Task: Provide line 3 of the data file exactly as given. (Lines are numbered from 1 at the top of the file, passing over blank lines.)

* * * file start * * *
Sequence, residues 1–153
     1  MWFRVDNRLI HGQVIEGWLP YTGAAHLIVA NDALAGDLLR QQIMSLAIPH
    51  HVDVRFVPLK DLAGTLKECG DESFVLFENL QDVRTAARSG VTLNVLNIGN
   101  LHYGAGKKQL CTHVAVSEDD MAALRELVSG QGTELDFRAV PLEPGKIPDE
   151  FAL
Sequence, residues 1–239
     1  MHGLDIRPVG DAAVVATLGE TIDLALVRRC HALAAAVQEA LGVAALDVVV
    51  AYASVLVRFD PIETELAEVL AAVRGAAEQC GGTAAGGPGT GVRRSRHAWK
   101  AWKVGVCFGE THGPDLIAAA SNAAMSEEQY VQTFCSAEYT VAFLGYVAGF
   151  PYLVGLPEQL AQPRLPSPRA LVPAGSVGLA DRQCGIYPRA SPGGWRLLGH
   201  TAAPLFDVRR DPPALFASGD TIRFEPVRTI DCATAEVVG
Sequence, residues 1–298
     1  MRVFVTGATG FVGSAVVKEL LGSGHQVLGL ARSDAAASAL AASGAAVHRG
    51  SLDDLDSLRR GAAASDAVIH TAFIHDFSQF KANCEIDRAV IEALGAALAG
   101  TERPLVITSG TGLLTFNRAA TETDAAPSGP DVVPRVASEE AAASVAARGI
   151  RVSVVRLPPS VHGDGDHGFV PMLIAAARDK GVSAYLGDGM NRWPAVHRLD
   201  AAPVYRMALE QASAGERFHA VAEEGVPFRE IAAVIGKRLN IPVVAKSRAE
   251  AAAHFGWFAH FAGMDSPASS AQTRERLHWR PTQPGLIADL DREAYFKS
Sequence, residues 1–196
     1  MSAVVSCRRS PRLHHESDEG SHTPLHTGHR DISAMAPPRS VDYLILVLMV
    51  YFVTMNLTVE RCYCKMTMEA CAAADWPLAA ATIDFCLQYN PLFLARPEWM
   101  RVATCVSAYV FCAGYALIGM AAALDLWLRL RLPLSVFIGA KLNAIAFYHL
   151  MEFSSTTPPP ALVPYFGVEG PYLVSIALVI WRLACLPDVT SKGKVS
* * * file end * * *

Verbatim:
    51  HVDVRFVPLK DLAGTLKECG DESFVLFENL QDVRTAARSG VTLNVLNIGN